In a previous post I wrote about storing password hashes in a database, which raises the question of how to convert an existing legacy password storage system to use hashes (or even no passwords!) without annoying the people who use your system.
Dial ‘S’ for Secret
Let’s assume that you have inherited a database which stores passwords in cleartext in a column called
Password. This is not a good scenario. For one thing, it is a temptation to access information we wouldn’t normally have access to, by using that person’s credentials. For another, due to a human trait called “using a computer,” people reuse passwords all the time. I do it myself and I’m writing a post about security (out of 1,089 items in my 1Password vault, 82 items contain reused passwords).
Maybe these credentials work in different places, like a Netflix or Amazon Prime account. Or how about an online bank account? This is known as credential stuffing, and is very illegal, even though it happens repeatedly.
Don’t annoy the users
The easiest thing to do would be to implement a new hashing algorithm (with a random salt), kick out all users who are signed in, and force them to change their passwords when they try to sign in again. This is the most secure, but it is incredibly annoying.
Another possibility would be to implement a new hashing algorithm (with a random salt), send an email to all users telling them that they are required to change their passwords when they try to sign in again, and then force them to do so. This is slightly less annoying than the first suggestion, but it is still incredibly annoying.
A third possibility would be to implement a new hashing algorithm (with a random salt), send an email to all users telling them that they are required to change their passwords as soon as possible, but allow them to connect with their old passwords first before prompting them to change it the next time they are signed in. This is less annoying because you have notified them by email, and they are permitted to sign in first.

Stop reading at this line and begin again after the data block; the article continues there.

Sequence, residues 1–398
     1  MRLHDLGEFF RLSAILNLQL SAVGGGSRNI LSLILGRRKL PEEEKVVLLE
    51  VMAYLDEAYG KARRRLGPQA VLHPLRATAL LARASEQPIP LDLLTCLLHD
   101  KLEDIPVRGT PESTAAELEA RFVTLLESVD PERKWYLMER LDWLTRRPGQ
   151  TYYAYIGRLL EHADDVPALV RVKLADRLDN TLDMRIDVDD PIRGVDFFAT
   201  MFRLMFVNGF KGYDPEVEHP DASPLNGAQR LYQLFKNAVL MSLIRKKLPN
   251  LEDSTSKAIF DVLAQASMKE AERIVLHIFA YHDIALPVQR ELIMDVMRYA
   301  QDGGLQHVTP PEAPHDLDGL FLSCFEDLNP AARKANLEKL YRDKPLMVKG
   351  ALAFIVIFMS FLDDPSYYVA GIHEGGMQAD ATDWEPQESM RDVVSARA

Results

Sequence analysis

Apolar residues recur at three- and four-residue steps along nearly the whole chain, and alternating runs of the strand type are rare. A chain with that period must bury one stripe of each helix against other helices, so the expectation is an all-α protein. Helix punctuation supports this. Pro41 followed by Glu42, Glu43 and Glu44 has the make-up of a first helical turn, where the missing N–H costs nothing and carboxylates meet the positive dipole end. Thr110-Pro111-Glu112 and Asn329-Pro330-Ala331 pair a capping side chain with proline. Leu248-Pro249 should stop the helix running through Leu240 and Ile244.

A fourth possibility would be to implement a new hashing algorithm (with a random salt), send an email to all users explaining that their passwords will need to change, with a link in the email to reset their passwords. This is the least annoying of the four options thus far, because the email is a call-to-action. In other words, you are telling them that there is a problem, and you’re giving them an action to perform to remedy the problem.
We could remove passwords entirely, by relying on a concept called Single Sign-On (SSO), where a third-party system provides an authentication token that proves who the user is. We’ve seen this kind of thing with Facebook and Google buttons on websites. We would still have to store a token, but this is far more secure than storing a password or password hash (with a random salt).
I’m sure you have some ideas of how to do this as well, so let’s hear them in the comments.
Photo by Hugo Barbosa on Unsplash.
There is another option that annoys users less by making it transparent. Basically, a hybrid approach. The application will examine the stored password to determine its hashing method. If it is the old hashing method, then use the old method to determine the password submitted is correct. If correct, then hash the submitted password with the new hashing method and store. Eventually, all passwords will be updated to the new hashing method.
This method assumes you can accept the risk of the old hashes for the period of time it takes for all users to logon. If you have maximum password ages, this limits this duration. Any accounts beyond this limit are likely no longer valid users. An audit should follow to validate if these account should continue to exist.